Saturday, 1 August 2015

Settings and Strange Coincidences by Patricia Elliott

Patricia Elliott blogs about the inspiration for her new novel, The House of Eyes: a Connie Carew Mystery, just published by Hodder Children's Books

Whenever I'm mulling over a new novel it's really important to me to find the right setting. The setting must reflect the whole mood and flavour of the novel, so much so that I'm never quite sure which comes first in my mind, the plot or the setting. By setting, I don't merely mean the landscape – countryside or city – but something much more specific and smaller in scale, like a particular house where my protagonist might live, or where vital events occur. If I can, I like to find that house in the real world.
An exciting adventure with plenty of red herrings plays out in a vivd London setting
WRD About Books)
The House of Eyes, my new novel, is a mystery story for 9 – 12s. Constance Clementine Carew is twelve years old and lives in London with her two aunts and step-uncle. It's 1909, the Edwardian age, a time of great confidence and optimism, and in particular, new aspirations for women.
Connie wants to be an anthropologist when she grows up, but for the time being she has to make do with studying her own, somewhat dysfunctional, family. When her long-lost cousin Ida returns unexpectedly - apparently from the dead - only Connie suspects she may be an imposter, out to claim the family inheritance.
            I had decided on the Edwardian period and my plot was more or less worked out, but I needed to find the right area in London in which to set the novel and, more importantly, the right house. The house itself plays its part in the story – 'the House of Eyes', Connie calls it, because the damp patches on the walls look like faces, their eyes watching her. (They aren't the only eyes watching her, as it happens.)  So I wanted to find a house that was dingy and decrepit.

            The area was easy. I chose South Kensington because I associate it with Peter Pan and the Lost Boys (Peter Pan in Kensington Gardens was published in 1906). I imagined stiffly starched nannies pushing their charges up to Kensington Gardens in capacious perambulators and, indeed, as a baby Ida is seized from her pram on one such outing to the park. I also needed a large square for a garden party that takes place in the story, and Thurloe Square, its layout almost unchanged, fitted that perfectly. South Kensington is not far from Harrods, when Ida goes off on a shopping trip, with Connie tagging disconsolately after her. And even then, the number 14 bus ran down the Fulham Road, past the Town Hall, which was to feature in the story.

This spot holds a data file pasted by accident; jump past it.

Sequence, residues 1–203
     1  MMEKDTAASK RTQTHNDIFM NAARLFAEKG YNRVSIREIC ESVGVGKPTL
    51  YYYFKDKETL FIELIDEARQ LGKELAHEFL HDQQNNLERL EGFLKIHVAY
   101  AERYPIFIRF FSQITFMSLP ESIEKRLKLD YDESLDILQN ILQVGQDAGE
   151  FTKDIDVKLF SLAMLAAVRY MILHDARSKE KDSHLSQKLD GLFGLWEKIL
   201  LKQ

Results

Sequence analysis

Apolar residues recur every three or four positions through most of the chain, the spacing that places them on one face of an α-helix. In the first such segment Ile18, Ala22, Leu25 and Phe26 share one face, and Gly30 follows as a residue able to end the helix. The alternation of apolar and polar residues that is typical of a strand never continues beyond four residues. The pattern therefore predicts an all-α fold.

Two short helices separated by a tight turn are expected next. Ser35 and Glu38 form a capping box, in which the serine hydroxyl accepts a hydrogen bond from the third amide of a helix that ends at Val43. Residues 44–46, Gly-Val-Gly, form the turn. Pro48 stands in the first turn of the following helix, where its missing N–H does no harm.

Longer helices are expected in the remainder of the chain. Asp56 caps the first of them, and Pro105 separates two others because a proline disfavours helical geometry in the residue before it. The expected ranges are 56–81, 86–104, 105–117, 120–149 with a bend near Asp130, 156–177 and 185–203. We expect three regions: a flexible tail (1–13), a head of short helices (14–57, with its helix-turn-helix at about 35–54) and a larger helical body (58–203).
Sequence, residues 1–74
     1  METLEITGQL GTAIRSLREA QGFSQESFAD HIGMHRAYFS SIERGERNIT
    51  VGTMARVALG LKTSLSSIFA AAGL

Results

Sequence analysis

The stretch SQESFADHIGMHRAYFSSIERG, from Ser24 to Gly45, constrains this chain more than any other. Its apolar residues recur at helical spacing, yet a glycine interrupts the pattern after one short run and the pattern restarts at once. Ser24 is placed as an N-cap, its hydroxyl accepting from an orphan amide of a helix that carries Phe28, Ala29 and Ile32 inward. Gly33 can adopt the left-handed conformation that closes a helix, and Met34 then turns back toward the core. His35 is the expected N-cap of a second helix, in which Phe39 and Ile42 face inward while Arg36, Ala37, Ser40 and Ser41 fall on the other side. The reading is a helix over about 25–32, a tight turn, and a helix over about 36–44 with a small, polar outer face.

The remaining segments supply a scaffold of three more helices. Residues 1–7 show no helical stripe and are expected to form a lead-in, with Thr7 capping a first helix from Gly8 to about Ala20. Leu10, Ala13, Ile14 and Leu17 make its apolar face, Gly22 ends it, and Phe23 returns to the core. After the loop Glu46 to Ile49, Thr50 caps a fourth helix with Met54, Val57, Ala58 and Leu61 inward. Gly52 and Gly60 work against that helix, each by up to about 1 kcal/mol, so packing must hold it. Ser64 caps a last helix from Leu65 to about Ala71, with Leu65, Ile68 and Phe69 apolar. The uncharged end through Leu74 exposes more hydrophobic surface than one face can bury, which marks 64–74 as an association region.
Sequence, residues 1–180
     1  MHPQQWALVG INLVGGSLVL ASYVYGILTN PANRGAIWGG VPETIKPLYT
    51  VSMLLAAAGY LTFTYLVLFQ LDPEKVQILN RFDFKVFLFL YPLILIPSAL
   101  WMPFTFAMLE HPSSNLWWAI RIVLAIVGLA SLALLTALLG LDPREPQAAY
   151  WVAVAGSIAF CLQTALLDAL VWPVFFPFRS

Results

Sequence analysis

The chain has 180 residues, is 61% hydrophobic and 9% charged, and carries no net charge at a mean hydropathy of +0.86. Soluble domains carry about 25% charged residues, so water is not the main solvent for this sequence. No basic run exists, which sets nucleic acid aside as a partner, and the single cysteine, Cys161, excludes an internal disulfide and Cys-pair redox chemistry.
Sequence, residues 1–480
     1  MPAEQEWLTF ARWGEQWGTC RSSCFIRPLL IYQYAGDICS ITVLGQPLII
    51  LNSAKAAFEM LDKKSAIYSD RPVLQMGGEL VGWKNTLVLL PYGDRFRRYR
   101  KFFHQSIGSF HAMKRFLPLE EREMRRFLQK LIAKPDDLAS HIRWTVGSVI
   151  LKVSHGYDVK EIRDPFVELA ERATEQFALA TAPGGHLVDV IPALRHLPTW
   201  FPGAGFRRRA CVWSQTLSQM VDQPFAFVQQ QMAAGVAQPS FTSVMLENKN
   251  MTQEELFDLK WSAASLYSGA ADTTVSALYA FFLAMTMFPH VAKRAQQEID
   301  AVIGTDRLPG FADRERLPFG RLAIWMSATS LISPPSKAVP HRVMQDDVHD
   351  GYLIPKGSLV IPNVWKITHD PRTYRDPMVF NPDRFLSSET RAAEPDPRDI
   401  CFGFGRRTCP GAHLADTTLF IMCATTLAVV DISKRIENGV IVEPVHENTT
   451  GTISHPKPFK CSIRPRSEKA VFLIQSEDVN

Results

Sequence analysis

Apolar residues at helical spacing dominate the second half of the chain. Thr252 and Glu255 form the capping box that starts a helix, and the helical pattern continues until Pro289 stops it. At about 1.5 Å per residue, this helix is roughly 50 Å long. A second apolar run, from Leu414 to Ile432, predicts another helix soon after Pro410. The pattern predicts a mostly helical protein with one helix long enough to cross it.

But finding the right house was not so easy. Nowadays the houses in South Kensington look immaculate and sell for undreamed of sums of money. In the Edwardian period it was also a smart area, being so close to Knightsbridge. Connie's step-uncle has once had money, but has since lost it; the household is looked down on by its posh neighbours for being 'in trade' and Connie is not invited to play with their children.
            I could easily have made the house up, and after a while I decided to do just that. Then by chance, one hot day last summer when I'd had enough of peering between the railings of Thurloe Square to work out my characters' movements during the garden party and was making my way back to South Ken Underground Station, I looked around and suddenly thought to myself, 'These houses look as if they were put up in a hurry by a speculator...'

            They were Victorian, with large porches, several storeys and a basement, and a balustrade running along the top – which Connie uses to good advantage in the story. They were all beautifully painted and well kept, but there was something about them that looked crude. It was't difficult to imagine one back then with a cracked and peeling exterior and ill-fitting windows, and a little girl in a straw boater and rather grubby sailor dress skipping down the steps.
            When I got back home I did some research. Sure enough, the houses, built some sixty years before Connie's time, had been constructed too quickly from shoddy materials and four of them had fallen down shortly afterwards. Damp plasterwork was blamed! In my novel I could even use the name that the street would have been called then, as it has since been changed.
            Of course, it was just coincidence, nothing more, that a house I had seen so vividly in my mind's eye should suddenly be there before me and might well have had a history of damp. But sometimes these strange coincidences do occur.    
            It's part of the magic of writing.                    

            Patricia Elliott, is the award-winning author of Gothic fantasies for children and Young Adults, including 'The House of Eyes' and 'The Pale Assassin'.  
You can find out more at and follow her on Twitter @PElliottAuthor